Why Your Temp-to-Direct Strategy Isn't Working and What You Can Do About It
Are you still relying on temporary hiring companies for volume hiring or seasonal work? If so, you’ve probably noticed a shift in the availability of quality candidates as well as a change in how temporary workers integrate into your workforce. There’s a good reason for those changes. Over the past decade we have seen the unemployment rate drop from 10% to 3.8%. Jobs are plentiful and quality candidates are more difficult to find. As the U.S. economy has recovered, we’ve also seen changes in the way candidates look for work, the kinds of jobs they want, and their willingness to accept a position.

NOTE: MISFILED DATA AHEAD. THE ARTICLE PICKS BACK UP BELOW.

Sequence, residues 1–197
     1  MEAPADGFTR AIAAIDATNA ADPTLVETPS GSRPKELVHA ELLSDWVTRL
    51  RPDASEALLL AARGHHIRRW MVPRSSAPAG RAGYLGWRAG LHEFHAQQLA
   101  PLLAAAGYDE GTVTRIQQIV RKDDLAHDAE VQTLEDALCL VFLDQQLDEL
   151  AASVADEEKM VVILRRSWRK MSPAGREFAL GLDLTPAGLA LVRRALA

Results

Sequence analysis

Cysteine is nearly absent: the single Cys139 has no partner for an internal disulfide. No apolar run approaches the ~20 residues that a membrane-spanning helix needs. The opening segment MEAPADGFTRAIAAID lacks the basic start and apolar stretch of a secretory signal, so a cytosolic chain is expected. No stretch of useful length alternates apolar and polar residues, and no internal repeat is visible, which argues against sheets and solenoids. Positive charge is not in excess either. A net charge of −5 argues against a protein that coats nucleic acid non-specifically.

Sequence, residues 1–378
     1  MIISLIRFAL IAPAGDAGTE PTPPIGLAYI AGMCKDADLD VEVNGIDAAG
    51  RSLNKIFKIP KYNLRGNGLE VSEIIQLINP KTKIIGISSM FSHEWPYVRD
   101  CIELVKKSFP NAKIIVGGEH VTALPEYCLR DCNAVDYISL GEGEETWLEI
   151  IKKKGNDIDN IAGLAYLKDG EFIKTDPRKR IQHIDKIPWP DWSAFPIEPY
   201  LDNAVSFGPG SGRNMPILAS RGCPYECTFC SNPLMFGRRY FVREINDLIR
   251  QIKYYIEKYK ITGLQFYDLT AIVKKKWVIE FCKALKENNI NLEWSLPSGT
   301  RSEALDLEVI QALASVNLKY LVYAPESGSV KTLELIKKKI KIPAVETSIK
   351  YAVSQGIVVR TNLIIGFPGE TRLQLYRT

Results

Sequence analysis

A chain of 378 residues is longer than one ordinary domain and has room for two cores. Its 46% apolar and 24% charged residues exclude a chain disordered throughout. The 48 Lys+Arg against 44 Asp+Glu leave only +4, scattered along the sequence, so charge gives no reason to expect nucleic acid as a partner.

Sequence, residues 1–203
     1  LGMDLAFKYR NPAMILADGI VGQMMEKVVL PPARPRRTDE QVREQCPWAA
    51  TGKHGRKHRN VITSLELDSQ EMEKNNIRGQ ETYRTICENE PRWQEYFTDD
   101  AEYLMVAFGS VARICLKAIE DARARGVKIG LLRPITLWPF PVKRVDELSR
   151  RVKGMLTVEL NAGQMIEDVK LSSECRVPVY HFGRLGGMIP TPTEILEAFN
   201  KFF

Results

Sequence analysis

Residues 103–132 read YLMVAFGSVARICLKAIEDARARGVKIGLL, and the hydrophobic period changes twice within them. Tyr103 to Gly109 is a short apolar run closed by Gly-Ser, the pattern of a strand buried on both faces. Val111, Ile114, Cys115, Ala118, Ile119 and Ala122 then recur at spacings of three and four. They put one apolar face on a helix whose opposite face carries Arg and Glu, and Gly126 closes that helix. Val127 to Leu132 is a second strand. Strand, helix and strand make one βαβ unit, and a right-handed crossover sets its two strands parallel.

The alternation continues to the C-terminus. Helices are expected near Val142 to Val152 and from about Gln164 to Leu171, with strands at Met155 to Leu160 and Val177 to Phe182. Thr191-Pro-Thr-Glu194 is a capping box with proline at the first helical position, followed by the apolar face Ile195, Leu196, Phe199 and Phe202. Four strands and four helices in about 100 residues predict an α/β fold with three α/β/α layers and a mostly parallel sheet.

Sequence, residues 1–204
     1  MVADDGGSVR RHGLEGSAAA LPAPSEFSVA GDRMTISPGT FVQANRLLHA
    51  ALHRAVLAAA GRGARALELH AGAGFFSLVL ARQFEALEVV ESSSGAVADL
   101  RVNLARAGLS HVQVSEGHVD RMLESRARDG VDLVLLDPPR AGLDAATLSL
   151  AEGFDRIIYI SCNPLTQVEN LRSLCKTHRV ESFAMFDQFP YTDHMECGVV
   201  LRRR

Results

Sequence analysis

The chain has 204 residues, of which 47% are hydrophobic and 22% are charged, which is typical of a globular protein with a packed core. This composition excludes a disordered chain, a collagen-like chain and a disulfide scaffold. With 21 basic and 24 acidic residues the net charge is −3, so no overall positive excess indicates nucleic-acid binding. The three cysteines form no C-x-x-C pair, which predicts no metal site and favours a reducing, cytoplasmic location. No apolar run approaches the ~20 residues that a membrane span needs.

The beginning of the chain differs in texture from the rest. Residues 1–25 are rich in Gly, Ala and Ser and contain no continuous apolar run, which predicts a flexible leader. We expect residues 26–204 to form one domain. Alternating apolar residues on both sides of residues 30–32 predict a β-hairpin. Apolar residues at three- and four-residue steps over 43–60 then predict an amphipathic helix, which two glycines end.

Are Temporary Hiring Companies Hurting Your Bottom Line?
Low unemployment rates mean candidates can be pickier about their jobs. They can hold out for a job with full benefits, for example, rather than settling for a part-time or temporary position. And because full-time positions are more readily available, candidates no longer feel the need to “audition” for a job by accepting a temporary position in the hope that it will become permanent.
But where does that leave employers? Is the trend toward direct hires good for your bottom line? What’s the ROI on direct vs. temporary hiring, and how does that affect your workforce?